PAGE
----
How to integrate technology into your events

By Angela Gibian, Marketing & Event Manager

The tech trend is expanding all around us. Every day there is a new platform, app or tool launched, it can sometimes be hard to keep up. The event world is no different. Most consumers are now acclimated to quick, clean, easy and responsive technology in their every day life and the expectation is set for that to carry over into their experience at events.

Streamlining events by integrating new and different types of technology is a great way to keep attendees informed, excited and engaged. Below are just a few of the many different types of technology that are on the rise in the event scene and some of their various applications.

Event registration platforms are a great way to incorporate technology into your event even before you get onsite. There are several popular platforms that allow you to build custom websites where you can email, register, track and profile event attendees. Many of these platforms also allow for simplified check-in processes, attendee mobile apps and important post-event reporting/analytics.

Event mobile apps are considered very mainstream in today’s event world. Many registration and event management platforms transfer over to mobile. In addition there are great independent applications to engage, inform and communicate with your event attendees. Text reminders, maps, itineraries, sponsor advertising/profiling, social media posts and more can be at the tip of any event-goers fingers.

Tablets/iPads are a great way to showcase material and capture user information during events. These portable devices allow you to maiPadintain and organize real-time data while on-site. They also gives your event a sleek and modern look, rather than having paper and pens for staff and guests to use. Going digital can also save money on print costs and allow for unlimited registration or subscriptions. In addition, iPads or Tablets can be great to feature your product or product website. Staff and guests can use onsite devices to peruse your website, view your products or read targeted content.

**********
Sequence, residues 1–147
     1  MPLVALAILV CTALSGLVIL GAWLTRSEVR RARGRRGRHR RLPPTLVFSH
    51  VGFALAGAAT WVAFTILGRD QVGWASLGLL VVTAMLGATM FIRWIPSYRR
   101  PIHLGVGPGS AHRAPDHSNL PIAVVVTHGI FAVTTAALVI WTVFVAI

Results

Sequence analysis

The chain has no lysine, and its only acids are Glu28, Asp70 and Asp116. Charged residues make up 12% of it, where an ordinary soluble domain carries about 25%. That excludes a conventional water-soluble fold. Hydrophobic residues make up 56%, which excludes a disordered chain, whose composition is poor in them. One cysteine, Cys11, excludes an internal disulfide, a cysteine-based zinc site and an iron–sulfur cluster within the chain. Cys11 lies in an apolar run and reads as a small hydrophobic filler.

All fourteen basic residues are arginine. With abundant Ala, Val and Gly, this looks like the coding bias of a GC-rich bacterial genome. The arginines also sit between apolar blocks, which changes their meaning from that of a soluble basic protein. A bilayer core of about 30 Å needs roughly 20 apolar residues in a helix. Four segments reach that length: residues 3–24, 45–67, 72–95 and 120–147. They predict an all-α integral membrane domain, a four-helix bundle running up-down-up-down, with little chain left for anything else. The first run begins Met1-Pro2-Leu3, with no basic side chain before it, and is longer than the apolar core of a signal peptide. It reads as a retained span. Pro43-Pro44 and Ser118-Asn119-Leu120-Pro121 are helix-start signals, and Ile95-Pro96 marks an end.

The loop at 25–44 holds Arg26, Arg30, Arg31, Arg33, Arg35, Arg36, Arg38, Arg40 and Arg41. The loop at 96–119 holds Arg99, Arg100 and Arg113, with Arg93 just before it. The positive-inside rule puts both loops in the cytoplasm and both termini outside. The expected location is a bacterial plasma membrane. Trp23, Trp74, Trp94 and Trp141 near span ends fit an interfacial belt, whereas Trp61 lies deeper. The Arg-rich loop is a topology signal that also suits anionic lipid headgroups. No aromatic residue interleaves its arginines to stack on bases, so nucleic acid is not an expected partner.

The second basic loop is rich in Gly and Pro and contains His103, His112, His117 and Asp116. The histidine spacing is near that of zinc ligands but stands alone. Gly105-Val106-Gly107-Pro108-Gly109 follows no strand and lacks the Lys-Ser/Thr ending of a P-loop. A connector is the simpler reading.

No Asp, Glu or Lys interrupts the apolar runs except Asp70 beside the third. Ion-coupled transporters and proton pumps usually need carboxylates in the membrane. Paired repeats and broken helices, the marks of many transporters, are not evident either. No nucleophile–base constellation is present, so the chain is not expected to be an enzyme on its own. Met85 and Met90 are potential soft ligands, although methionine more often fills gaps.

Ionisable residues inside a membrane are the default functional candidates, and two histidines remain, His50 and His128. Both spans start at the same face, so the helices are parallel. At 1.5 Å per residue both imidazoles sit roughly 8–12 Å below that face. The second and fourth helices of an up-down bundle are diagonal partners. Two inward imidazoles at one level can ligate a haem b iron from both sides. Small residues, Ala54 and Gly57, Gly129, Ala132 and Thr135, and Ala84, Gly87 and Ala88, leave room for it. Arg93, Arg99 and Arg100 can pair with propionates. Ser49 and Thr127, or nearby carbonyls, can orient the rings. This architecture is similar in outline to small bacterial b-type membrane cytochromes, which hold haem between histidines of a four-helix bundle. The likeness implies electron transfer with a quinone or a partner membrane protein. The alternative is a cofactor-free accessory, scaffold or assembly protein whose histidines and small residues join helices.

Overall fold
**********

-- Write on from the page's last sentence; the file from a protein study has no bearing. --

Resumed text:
Social media is a huge way to impact your audience before during and after an event. Whether you are attending a large trade show or hosting a roundtable, sharing these opportunities and experiences with your audience using social media platforms is increasingly important. Creating an event hashtag, posting photos, live streaming or creating social giveaways or contests can keep your company in the social stream of consciousness.

Video and live streaming is now more popular than ever. With the advent of Facebook Live, Periscope, Instagram Live, YouTube Live and other streaming tools, event activities can be promoted to audiences outside of the on-site attendees to a broader group, creating a buzz and allowing people could not be there an opportunity to get in on the action. Other ways to leverage video at events include using drones or Go-Pros to show unique, exciting perspectives on experiences, giving the viewer a first person view of what’s happening. Outside of live applications, filming attendee testimonials or interviews are another great way to engage your guests and also provide use post-event as a way to continue the connection with your audience, educate others and encourage attendance next year.

However you decide to integrate technology, it is a sure way to enrich your event. With the variety of options available it will not only benefit your guests, but also you and your business.


Angela holds a bachelor’s degree in Journalism & Promotional Communications from Cleveland State University. Angela has more than 10 years of experience planning and managing events, ranging from product launches to non-profit galas. Prior to joining North Coast Media, she was in charge of fundraising events for the American Red Cross Northeast Ohio, where she remains a volunteer. Her diverse background, along with her knowledge of marketing and public relations, helps her to execute impactful and results-driven events on behalf of NCM’s publications and clients.

Outside the box: Benefiting from consumer-generated content

By Allison Barwacz, Digital Media Content Producer

outside-the-box-consumer-content

Not all of your content has to be created by you.

Lego customers produce 20 times the amount of social media content posted by the company’s social media team itself, said Lars Silberbauer, senior global director of social media and video for Lego, during a keynote speech at Content Marketing Institute’s 2016 Content Marketing World conference in Cleveland, Ohio.

Lego’s social media strategy focuses on a number of factors, but one in particular stands out as a fundamental key for audience content creation and engagement: social needs.

Humans are, by nature, social creatures, said Silberbauer, and companies need to cater to those needs.

Sometimes this requires thinking outside the box—a task the Lego social media team frequently takes on.

In one particular instance, during a meeting, Silberbauer instructed his coworkers to take all of the money out of their pockets and put it in the center of the table: They’d use the $100 they accrued for their next social media campaign.